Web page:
black_campers.jpgGADSDEN, Alabama (AP) _ The throngs filling campgrounds across America this past holiday weekend included hardy outdoors types and those who prefer creature comforts, but they have at least one important thing in common: Nearly all of them are white.

A small but committed group of campers is trying to change that by growing a generation of black campers, one person at a time.

The National African-American RVers Association is composed almost exclusively of black people who camp, although it includes a few whites and Hispanics. The group doesn't have much money to buy ads or solicit new members.

Instead, it always holds its major national gathering in July when schools are out so children and grandchildren can come along.

“We cater mostly to the family so that our young people will be able to grow up understanding the outside world and seeing the creation that God has created for us and how beautiful it is,'' said the Rev. John Womack of Boston, the group's president.

Getting more blacks into the woods would mean breaking decades of stereotypes and overcoming a long-standing leeriness that members say many have about camping. Bad things happen to black people in the woods, the story goes, and they can't afford recreational vehicles.

At least that's the way Lawrence Joseph always heard it, and it all gets a chuckle from him as he shows off his 32-foot (nearly 10-meter) Winnebago Brave, one of about 160 campers packed into the River Country Campground for the Southern regional rally of the black campers' association. Joseph bought his RV four years ago seeking the same things that draws whites to camp.

“I like the closeness, the friendship. You meet people from different venues, from different professions,'' he said. “I have two kids, and it gets them out of the house from playing video games.''

Womack and his wife Bertha got hooked on camping years ago during a cross-country trip with their three children in 1983. He said outdoors recreation wasn't very practical or attractive to blacks for generations.

“In the early years we didn't have the resources to camp. We didn't have the time off to camp,'' said Womack. “And for many people, life itself was camping. Our homes were like tents. We weren't anxious to run from one set of woods to the next.''

Lemuel Horton, Southern regional director for the black campers' group, said that for years many blacks were simply afraid to camp.

“They felt like a black person out by yourself just wasn't personally safe,'' said Horton, of Decatur, Ga. “But traveling all over the United States and Canada since the 1970s, I've had no problem.''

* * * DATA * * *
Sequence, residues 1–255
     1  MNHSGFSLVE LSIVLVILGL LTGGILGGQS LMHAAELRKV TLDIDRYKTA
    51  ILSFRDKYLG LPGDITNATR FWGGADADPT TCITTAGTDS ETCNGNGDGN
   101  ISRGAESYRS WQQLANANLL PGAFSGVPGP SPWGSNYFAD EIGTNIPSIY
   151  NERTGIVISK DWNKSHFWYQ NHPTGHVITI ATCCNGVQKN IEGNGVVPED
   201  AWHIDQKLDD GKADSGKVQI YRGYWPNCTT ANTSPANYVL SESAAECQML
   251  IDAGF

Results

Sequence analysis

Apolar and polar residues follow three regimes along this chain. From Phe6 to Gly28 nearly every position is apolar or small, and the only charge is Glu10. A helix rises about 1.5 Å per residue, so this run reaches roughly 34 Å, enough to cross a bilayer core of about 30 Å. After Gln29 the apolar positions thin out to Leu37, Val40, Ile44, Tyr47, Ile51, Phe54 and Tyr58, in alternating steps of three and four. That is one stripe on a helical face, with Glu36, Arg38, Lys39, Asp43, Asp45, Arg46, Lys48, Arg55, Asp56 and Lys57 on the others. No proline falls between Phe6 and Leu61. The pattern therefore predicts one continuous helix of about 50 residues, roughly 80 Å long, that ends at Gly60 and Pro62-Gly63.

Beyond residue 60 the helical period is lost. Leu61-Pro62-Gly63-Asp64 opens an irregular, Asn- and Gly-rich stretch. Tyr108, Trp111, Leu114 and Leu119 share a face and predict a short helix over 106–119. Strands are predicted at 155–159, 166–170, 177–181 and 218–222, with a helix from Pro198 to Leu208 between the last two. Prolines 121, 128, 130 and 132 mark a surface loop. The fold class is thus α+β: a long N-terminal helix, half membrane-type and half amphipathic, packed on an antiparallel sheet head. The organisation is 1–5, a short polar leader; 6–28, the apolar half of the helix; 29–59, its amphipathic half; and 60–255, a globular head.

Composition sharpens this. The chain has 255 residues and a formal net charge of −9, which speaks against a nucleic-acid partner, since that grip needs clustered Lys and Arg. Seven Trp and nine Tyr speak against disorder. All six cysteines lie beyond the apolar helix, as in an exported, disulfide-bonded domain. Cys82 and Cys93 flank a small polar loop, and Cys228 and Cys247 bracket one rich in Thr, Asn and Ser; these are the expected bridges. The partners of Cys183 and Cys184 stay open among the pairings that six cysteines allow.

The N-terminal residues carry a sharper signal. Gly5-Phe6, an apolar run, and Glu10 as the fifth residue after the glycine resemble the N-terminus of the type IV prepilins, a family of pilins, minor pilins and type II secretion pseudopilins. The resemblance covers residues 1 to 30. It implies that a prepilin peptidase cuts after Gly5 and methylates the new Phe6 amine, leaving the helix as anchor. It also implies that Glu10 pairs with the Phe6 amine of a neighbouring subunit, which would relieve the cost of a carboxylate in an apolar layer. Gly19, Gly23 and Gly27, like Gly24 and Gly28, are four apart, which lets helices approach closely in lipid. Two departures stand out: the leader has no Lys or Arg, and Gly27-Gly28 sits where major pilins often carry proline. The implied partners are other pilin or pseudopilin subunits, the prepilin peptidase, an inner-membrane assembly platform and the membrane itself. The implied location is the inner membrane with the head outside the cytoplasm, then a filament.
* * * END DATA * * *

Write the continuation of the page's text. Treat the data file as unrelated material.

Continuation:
Joseph said the idea of camping creates an uneasiness among some blacks that's strong enough to prevent many from ever venturing into the outdoors, yet difficult to explain.

“It's just a feeling that it's not somewhere they ought to be,'' said Joseph.

A survey commissioned by industry groups estimated that as many as 30 million Americans have camped, but only 300,000 of them are black, said Linda Profaizer, president of the National Association of RV Parks & Campgrounds.

States including Washington and California have launched programs to get minorities interested in outdoors recreation including camping, and so has the National Park Service.

Longtime park ranger Shelton Johnson, who is black, said he began telling the story of black buffalo soldiers at Yosemite National Park in California partly to lure more black visitors. Johnson has seen more minority visitors in recent years, but there's still not many.

“As far as I'm concerned it's a major issue,'' said Johnson. “As the so-called browning of America goes on, if black people and other people of color aren't visiting campgrounds and parks, how is the National Park Service going to reach the public in the future?''

Founded by a small group of enthusiasts 16 years ago, the National African-American RVers Association has about 3,000 member families nationwide. Most are in the warm-weather South, and hundreds of rigs show up at regional gatherings called rallies.

Walk around a campground filled with black people and it's a lot like being in a campground filled with whites. Members arrive in everything from small, Katrina-style trailers to plush motor homes that sell for more than $1 million. Friends sit in lawn chairs between campers telling stories and laughing while kids fish and ride bicycles. Cooking is a daylong activity.

Gladys Curtis of Houston is active in both NAARVA and mostly white camping groups, and she has noticed at least one difference between the way the races camp.

“When we go to the (white) rallies we hear a lot of country and western,'' said Curtis, president of a black camping group from Texas. “We've had a Motown review, big band, blues. Not a lot of country.''


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